The onset of the First World War was seen as an opportune time to launch the offensive in India. As such, several thousand Indians returned to India by sea with arms, explosives and funds. In April, 1914, Lala Har Dayal was still in the United States when the American government, under pressure from the British, came to arrest him on charges of spreading anarchist propaganda. The British had tried to force the Americans to deport Lala Har Dayal, but that did not happen. He managed to obtain bail and fled to Berlin where other Indian revolutionaries in exile had set up the India Independence Committee. Before fleeing the United States, Lala Har Dayal strongly condemned the Americans for their subservience to the British in a press statement. 

Even after the end of the First World War, Lala Har Dayal’s exile did not end. He lived for a decade in Sweden, lecturing on Indian Philosophy, art and literature. In 1930 he earned his doctorate on the dissertation "The Bodhisatva Doctrine in Buddhist Sanskrit Literature" from the School of Oriental and African Studies of the University of London. Two years after the publication of his thesis in 1932, he brought out his most popular work "Hints of Self Culture". He lectured and wrote profusely on a variety of subjects in India, USA and various countries of Europe. A polyglot, he was fluent in Urdu, Sanskrit, English, French, German and Swedish Languages.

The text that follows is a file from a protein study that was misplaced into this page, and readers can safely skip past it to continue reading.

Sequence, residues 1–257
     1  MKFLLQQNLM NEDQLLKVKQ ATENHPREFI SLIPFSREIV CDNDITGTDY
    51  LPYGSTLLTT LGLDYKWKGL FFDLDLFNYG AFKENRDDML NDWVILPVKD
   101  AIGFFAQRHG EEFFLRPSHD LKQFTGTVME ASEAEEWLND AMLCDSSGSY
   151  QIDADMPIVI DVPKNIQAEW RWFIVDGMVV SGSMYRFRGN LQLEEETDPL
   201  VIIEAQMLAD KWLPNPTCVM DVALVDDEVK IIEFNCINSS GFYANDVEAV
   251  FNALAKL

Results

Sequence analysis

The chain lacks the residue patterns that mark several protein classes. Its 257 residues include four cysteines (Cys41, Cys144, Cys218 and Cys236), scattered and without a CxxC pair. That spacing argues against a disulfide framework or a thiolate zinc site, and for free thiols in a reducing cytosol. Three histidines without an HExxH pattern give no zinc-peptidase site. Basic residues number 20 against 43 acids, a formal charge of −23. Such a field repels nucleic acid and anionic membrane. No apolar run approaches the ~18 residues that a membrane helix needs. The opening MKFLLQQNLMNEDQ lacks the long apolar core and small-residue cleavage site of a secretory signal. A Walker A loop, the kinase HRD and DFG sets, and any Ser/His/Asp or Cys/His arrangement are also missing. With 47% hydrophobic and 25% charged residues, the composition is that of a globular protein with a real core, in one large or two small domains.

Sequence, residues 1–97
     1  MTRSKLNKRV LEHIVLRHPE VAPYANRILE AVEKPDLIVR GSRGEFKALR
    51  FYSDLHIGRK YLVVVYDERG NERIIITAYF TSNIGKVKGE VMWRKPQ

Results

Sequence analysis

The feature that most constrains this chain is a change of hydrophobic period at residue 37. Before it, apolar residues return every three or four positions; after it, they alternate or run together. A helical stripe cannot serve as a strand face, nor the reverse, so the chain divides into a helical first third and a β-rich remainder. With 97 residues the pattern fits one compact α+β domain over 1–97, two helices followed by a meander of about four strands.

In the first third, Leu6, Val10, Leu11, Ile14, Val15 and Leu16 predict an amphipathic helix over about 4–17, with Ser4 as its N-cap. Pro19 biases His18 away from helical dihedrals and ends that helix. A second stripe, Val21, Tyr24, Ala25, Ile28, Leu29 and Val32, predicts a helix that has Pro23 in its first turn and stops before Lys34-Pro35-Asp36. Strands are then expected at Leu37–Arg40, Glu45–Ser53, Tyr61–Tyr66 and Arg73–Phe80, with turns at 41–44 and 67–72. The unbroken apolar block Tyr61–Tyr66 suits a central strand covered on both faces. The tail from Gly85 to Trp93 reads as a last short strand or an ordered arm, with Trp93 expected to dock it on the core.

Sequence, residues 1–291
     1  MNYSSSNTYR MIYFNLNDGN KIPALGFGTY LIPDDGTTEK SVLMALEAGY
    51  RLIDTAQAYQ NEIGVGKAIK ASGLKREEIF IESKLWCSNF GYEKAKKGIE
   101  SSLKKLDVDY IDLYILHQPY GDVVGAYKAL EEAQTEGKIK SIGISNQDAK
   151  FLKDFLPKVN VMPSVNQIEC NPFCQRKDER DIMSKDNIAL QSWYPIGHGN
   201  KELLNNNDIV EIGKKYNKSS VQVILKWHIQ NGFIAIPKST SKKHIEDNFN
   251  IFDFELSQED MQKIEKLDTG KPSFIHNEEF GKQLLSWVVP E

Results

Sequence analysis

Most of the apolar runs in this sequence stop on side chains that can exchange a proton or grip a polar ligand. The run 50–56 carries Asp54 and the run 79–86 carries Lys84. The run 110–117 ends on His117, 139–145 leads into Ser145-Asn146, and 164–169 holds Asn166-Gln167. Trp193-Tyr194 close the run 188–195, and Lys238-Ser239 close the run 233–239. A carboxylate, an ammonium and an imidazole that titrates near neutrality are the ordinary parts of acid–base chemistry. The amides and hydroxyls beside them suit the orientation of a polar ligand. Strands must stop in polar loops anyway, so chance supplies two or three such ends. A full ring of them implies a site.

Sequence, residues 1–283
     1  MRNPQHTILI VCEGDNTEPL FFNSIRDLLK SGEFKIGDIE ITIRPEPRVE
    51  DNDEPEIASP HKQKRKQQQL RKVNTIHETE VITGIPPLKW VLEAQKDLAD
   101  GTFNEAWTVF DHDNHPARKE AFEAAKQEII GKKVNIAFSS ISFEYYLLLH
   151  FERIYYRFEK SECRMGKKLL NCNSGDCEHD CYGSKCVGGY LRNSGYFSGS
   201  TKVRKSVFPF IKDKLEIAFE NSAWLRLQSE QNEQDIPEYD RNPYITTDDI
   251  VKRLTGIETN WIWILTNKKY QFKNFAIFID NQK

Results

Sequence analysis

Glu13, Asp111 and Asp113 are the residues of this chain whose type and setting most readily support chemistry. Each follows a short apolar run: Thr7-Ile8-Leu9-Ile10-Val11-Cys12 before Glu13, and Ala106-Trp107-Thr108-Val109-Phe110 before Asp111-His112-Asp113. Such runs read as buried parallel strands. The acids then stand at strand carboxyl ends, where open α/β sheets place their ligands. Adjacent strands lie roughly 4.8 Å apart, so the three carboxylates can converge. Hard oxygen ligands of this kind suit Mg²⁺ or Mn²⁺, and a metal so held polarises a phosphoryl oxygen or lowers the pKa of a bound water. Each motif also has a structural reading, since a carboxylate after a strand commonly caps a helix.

Har Dayal died in Philadelphia of a heart attack on March 4, 1939 while on a lecture tour of America. His deepest regret was that he could never return to his homeland because the British kept refusing him permission.

© The GADAR HEROICS | Published by: India Empire Publications.

July 2013